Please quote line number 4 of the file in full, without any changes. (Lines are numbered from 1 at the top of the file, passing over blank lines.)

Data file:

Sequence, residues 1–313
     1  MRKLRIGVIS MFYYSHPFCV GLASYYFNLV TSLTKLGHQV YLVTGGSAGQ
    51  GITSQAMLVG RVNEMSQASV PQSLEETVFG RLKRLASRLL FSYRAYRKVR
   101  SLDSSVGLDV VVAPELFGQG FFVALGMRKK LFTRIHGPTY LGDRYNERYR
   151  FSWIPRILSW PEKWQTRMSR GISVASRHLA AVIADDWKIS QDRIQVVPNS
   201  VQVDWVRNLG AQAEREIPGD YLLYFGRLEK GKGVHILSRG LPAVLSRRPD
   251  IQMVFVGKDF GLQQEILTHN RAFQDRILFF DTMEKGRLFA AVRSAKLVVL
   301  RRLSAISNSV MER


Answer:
   101  SLDSSVGLDV VVAPELFGQG FFVALGMRKK LFTRIHGPTY LGDRYNERYR